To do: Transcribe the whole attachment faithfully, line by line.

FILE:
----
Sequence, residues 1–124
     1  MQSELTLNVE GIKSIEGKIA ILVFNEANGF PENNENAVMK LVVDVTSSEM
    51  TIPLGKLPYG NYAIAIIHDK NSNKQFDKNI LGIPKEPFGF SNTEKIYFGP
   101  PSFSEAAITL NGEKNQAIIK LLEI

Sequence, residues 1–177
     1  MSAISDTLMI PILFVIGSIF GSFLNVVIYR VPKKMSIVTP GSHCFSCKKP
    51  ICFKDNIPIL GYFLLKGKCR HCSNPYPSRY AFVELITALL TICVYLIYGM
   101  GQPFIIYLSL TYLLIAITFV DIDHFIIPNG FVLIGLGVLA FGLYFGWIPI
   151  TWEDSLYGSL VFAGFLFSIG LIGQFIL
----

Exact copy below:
Sequence, residues 1–124
     1  MQSELTLNVE GIKSIEGKIA ILVFNEANGF PENNENAVMK LVVDVTSSEM
    51  TIPLGKLPYG NYAIAIIHDK NSNKQFDKNI LGIPKEPFGF SNTEKIYFGP
   101  PSFSEAAITL NGEKNQAIIK LLEI

Sequence, residues 1–177
     1  MSAISDTLMI PILFVIGSIF GSFLNVVIYR VPKKMSIVTP GSHCFSCKKP
    51  ICFKDNIPIL GYFLLKGKCR HCSNPYPSRY AFVELITALL TICVYLIYGM
   101  GQPFIIYLSL TYLLIAITFV DIDHFIIPNG FVLIGLGVLA FGLYFGWIPI
   151  TWEDSLYGSL VFAGFLFSIG LIGQFIL